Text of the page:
Three quarters of businesses believe they couldn't stop a data breach

Only a quarter of U.K. businesses believe their organisation could detect a data breach at any time, a survey by software provider Informatica has shown.

The survey further shows that 33 per cent say their organisation is very good to excellent at detecting and containing breaches.

Meanwhile, nearly half (49 per cent) of respondents admit to having experienced a breach in the past 12 months and believe it could have been avoided if certain processes and intelligent technologies had been in place.

Fifty-six per cent of responding businesses say securing and protecting data is a high priority for them. In total, 59 per cent say that they worry about mistakes from a temporary worker or contractor, up from 53 per cent in 2014. Additionally, 52 per cent fear third party or outsourcers’ management of data.

An overwhelming majority (61 per cent) of businesses listed customer data as the information most at risk, followed by business intelligence (32 per cent) and the data contained within emails or attachments (29 per cent).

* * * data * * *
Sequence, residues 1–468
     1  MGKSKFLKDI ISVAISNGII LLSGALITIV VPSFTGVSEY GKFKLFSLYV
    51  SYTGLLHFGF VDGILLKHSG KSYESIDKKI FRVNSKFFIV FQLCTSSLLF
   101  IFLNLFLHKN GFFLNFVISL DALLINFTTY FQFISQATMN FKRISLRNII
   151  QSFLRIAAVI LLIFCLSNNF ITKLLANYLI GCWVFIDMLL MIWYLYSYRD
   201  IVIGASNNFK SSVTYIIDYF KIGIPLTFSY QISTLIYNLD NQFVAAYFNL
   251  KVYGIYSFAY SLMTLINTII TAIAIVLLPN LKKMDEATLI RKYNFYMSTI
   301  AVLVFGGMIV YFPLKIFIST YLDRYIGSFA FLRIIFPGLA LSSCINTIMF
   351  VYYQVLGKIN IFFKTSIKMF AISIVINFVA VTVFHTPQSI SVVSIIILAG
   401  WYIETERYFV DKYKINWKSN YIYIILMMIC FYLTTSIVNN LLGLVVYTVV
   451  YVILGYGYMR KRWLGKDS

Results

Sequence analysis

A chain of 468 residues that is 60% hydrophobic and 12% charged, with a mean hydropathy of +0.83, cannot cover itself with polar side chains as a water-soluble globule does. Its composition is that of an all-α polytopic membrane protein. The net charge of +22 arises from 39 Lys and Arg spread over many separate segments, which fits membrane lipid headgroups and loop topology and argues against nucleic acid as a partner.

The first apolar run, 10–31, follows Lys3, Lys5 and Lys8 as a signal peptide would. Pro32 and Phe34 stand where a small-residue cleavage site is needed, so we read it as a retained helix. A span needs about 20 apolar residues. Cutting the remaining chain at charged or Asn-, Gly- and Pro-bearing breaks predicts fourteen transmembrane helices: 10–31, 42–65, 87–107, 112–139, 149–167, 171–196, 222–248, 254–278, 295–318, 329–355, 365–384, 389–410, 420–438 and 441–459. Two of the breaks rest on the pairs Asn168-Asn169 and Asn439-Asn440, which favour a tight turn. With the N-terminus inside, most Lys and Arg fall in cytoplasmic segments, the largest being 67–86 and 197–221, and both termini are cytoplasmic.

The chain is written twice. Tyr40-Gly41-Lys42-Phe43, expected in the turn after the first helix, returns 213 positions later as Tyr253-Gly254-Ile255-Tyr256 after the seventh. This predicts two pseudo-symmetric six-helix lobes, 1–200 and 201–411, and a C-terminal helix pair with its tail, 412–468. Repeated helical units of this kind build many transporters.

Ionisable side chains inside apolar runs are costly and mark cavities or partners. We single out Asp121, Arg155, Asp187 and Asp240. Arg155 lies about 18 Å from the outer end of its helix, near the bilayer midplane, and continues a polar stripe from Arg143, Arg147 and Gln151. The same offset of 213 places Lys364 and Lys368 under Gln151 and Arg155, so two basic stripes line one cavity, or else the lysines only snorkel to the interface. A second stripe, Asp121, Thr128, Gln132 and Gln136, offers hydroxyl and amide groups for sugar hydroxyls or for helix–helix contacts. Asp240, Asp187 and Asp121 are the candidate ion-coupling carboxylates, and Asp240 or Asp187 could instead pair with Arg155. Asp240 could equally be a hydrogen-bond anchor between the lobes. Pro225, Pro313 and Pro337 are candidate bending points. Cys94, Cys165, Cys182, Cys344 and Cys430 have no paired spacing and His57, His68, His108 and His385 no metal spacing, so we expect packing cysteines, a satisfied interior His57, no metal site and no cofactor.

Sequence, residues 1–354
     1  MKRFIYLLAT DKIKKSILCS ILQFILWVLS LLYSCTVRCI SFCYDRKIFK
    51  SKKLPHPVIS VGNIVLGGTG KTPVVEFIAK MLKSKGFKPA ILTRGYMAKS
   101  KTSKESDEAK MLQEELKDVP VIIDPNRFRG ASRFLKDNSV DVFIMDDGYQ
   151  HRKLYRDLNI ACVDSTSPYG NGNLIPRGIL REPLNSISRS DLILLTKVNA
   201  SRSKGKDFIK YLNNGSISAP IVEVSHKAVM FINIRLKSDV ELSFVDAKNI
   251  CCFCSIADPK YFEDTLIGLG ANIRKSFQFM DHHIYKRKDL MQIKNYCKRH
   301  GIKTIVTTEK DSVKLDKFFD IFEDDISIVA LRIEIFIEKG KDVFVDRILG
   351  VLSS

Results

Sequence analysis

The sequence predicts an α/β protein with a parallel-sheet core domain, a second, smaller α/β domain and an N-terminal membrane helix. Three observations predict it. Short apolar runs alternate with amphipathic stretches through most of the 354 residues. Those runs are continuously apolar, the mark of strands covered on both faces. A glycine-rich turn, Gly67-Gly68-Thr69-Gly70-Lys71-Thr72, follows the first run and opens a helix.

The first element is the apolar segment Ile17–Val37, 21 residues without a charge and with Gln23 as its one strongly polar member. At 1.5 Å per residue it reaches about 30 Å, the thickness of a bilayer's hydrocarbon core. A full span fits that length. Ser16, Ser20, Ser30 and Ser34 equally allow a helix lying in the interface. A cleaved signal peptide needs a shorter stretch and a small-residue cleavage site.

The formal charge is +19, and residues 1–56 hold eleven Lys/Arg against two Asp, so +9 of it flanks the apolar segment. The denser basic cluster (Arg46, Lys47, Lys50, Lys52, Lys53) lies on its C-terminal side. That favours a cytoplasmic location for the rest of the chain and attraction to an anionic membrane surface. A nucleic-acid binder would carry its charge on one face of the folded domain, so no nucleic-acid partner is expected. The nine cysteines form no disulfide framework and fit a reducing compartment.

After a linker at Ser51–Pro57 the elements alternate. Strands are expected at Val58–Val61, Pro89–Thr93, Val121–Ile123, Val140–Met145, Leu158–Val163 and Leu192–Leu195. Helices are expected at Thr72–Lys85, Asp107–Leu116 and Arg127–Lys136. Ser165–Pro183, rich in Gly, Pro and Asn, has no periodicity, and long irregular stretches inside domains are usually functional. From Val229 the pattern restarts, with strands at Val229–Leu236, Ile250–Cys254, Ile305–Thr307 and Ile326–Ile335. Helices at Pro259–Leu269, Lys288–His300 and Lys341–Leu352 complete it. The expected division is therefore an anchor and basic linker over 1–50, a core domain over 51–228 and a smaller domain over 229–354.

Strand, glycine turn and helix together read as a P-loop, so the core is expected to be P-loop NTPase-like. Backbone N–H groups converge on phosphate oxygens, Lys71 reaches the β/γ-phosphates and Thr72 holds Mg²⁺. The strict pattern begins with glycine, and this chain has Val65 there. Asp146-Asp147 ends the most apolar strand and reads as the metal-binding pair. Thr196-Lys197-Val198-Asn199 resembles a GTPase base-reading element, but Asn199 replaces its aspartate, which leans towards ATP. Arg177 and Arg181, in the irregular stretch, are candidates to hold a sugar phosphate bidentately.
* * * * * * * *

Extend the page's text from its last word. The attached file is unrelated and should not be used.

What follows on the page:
According to the survey, top data security solutions in place today include data classification, monitoring and discovery tools, with respondents believing that compliance and security could be improved through intelligent solutions, such as automated user access history with real-time monitoring (74 per cent), policy workflow automation (74 per cent) and automated data discovery/risk assessment (69 per cent).

“As the gap between believing in data security intelligence solutions and actually possessing them diminishes, so inevitably will the risk of data breaches,” said Dr. Larry Ponemon, chairman and founder, Ponemon Institute. “Given the growing business and societal costs of breaches, and the runaway proliferation of sensitive data, organisations need to seriously consider adopting a data-centric security stance without delay. To do otherwise may soon be construed as negligence.”

The survey of 118 U.K. IT and IT security professionals with responsibility for data protection was completed by the Ponemon Institute as part of the annual 2015 State of Data Security Intelligence study sponsored by Informatica.